7 a.m. Reporter Angela Hill met up with about a dozen strikers were out at Bret Harte Middle School this morning. They tried to get a substitute hired for the day to join them, to no avail. Peter Mates, 63, a 7th grade teacher of English and Medieval literature, made sure he was there by 5 a.m. to try and stop the janitor from entering the school. He was unsuccessful.
“Since our teachers are so poorly paid, we can see why they would cross the picket line because they don’t want to lose a day’s pay,” Mates said. “But that would be disappointing. We’re hopeful that none will cross. But we expect that two out of 34 teachers will cross.”
Tomorrow morning, I’ll be handing the blog over to my colleague Cecily Burt, who has kindly agreed to post reporters’ updates here while we’re out and about, along with a photographer. There’s also a live chat in the works.
I’ll be tweeting from the picket lines, too, starting at 7 a.m. Follow my updates here.
If you have any news tips tomorrow, please e-mail me at email@example.com and Cecily at firstname.lastname@example.org. Want to write about what you’ve seen and experienced? Please do! If you use your real name on the blog, even better…
Teachers will be on strike Thursday. But what about your school secretary and custodian? Your teacher’s aide (where applicable)?
There’s been some confusion among district employees about whether the `other unions’ — the SEIU and AFSCME, mainly — will show up to work or stand with the teachers. I can empathize with the confused: I contacted the local SEIU office at least twice, called the Pasadena-based employee hotline, questioned the public relations guy, e-mailed the OUSD rep and got nowhere.
Poor timing, maybe, but there might be another reason: These unions are in a tough spot. They reached agreements with the Oakland school district months ago, or even longer, and guess what? Those contracts include no-strike clauses. This means they can’t legally call a sympathetic strike. At the same time, as the SEIU media relations guy from Pasadena told me (before promising to call me back after he “double-checked,” which he didn’t), unions don’t make a habit of crossing other unions’ picket lines. And the Alameda Labor Council supports the teacher strike.
The payroll of Oakland Unified, one of the city’s largest employers, is about to shrink. The school system would have about 460 fewer full-time positions — about 9 percent of the current workforce — come July 1, under the CFO’s latest proposal to address the district’s massive projected deficit. It will be discussed at Wednesday night’s 5 p.m. school board meeting.
Jobs of just about every shape and size would thin out under the plan: teachers, assistant principals, security officers, high-level district “executive staff,” gardeners, painters, clerks, support coaches for new teachers, adult education and child development teachers — you name it. The central office would eliminate 105 positions, about 17 percent of its staff. And 114 K-12 teaching positions would be reduced, about 6 percent.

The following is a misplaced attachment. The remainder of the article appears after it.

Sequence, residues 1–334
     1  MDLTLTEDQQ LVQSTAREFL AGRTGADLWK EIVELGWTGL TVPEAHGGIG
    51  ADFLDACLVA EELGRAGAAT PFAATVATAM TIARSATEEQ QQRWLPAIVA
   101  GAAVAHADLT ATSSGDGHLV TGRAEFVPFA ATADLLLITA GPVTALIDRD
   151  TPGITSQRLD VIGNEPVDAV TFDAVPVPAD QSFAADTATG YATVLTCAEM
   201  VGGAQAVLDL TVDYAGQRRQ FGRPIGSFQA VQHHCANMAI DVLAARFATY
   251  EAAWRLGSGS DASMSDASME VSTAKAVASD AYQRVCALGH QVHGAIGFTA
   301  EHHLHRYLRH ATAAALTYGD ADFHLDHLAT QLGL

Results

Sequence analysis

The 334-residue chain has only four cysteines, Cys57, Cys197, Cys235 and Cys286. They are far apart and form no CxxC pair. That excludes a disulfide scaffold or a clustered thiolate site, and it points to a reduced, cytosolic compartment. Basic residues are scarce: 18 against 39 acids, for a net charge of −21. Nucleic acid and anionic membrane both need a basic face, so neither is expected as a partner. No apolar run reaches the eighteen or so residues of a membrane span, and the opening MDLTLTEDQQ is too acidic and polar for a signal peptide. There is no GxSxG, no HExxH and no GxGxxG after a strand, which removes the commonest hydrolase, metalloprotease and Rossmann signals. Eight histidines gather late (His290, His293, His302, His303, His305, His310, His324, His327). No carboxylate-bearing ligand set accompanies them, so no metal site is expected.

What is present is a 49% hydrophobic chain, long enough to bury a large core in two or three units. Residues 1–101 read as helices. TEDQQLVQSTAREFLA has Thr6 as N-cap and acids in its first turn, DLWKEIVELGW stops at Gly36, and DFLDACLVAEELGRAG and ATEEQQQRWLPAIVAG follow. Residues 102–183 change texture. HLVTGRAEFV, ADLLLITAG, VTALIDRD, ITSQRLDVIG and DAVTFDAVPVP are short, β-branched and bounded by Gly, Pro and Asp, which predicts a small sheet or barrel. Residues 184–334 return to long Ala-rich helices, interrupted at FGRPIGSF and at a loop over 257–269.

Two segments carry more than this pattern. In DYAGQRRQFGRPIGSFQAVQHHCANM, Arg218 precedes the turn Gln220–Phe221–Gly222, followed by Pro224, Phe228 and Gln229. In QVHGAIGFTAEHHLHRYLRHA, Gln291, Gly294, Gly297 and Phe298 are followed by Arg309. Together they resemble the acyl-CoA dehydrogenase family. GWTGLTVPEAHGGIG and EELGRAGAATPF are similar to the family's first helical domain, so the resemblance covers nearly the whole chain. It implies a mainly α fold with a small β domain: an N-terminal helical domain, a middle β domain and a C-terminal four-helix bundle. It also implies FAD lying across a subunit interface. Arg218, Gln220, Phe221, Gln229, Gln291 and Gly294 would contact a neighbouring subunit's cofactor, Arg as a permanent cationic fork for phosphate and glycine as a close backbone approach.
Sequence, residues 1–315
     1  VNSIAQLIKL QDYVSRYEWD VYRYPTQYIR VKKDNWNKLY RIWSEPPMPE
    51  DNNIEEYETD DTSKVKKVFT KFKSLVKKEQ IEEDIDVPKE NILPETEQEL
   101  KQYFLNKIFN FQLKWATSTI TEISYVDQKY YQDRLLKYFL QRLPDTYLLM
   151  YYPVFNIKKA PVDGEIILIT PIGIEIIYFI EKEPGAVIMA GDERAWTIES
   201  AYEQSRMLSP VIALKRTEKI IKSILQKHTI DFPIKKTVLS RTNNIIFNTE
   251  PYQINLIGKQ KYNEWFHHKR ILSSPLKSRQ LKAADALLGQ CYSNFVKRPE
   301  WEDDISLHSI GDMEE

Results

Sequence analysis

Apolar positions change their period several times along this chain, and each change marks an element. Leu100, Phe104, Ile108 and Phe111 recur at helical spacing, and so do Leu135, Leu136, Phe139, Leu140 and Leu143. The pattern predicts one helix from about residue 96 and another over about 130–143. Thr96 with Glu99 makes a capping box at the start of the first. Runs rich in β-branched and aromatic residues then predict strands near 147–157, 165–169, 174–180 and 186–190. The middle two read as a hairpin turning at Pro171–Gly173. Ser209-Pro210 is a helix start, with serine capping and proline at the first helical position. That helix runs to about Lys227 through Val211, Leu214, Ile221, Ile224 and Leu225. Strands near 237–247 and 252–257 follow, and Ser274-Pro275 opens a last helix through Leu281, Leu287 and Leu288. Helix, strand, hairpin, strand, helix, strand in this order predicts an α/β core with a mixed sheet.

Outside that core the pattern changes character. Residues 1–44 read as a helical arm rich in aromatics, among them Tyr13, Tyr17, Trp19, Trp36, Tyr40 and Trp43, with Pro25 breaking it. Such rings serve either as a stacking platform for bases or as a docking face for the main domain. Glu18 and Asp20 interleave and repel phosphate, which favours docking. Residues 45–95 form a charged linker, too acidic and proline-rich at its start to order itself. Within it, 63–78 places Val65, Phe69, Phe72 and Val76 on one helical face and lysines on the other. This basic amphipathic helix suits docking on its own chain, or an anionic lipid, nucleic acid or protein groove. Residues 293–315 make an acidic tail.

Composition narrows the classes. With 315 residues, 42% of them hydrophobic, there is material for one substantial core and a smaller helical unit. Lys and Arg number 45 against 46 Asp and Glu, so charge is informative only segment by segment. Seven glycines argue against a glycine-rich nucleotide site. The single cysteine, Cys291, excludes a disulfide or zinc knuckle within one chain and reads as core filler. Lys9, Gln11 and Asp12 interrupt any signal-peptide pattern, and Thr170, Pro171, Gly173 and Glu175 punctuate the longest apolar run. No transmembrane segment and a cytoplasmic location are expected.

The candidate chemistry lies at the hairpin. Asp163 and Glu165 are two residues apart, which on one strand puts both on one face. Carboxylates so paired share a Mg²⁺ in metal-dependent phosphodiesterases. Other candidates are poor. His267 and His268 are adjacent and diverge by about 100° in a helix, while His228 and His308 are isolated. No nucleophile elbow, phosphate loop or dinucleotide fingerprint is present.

It’s official: The Oakland school district will hold school on Thursday, despite the one-day strike. So far, about 300 emergency teachers have cleared background checks, with more in the pipeline, according to district spokesman Troy Flint; at least 60 people from the central office will head out to the schools as well.
But just in case you were thinking about sending your kids to school on strike day, this letter from the Oakland teachers union — which was sent home with children in at least one school — warns that you might be placing them in harm’s way: Continue Reading →
At a news conference yesterday morning, Gary Yee placed the teacher contract imposition in the context of the district’s painful takeover history, Tony Smith said he wanted to start over and OEA executive director Ward Rountree said that was a terrible way to do it. (You can find a story about the whole situation here.)
We posted reader polls on the strike and the contract imposition, if you care to vote. Oh, and the Tribune ran an editorial saying raises for teachers would be “nice,” but that the district can’t afford them.
It was unanimous. All seven members of the Oakland school board voted to immediately implement a contract for teachers — the same offer, made in December, that the union membership rejected.
Much of the audience cleared out soon after the vote — including me, because the district’s wireless Internet access was down, so I had to run home and send the story before my 9:15 deadline. But as I headed for the door, I heard Superintendent Tony Smith talking about new beginnings and pay increases for teachers. I stopped and pulled out my laptop again. Here’s what I was able to get down: Continue Reading →
From the ongoing Oakland teacher contract dispute have emerged at least two new sources of information about the struggle.
Teachers have started a blog, recently posting a downloadable flier (cropped and posted here) and news about canvassing neighborhoods this weekend. The district administration hasn’t started its own website, but it has created a page to explain its position.
On a side note, I can’t find anyone who can remember a teacher contract being imposed in Oakland, as the school board might vote to do tomorrow night. Do you know if this would be a first?
I’ll be tweeting live at the meeting, which starts at 6 p.m. at 1025 Second Ave. If you’re not on Twitter, that’s OK, you can see the updates anyway by clicking here.
They might. At a 6 p.m. special meeting on Wednesday, the Oakland school board votes on a resolution that would immediately implement the district’s “last, best and final offer” to the teachers, which was made last December and soundly rejected by the union’s membership.
You can read the resolution here and the full story here.
Do you think the board should change course and go back to the bargaining table? What should the union do?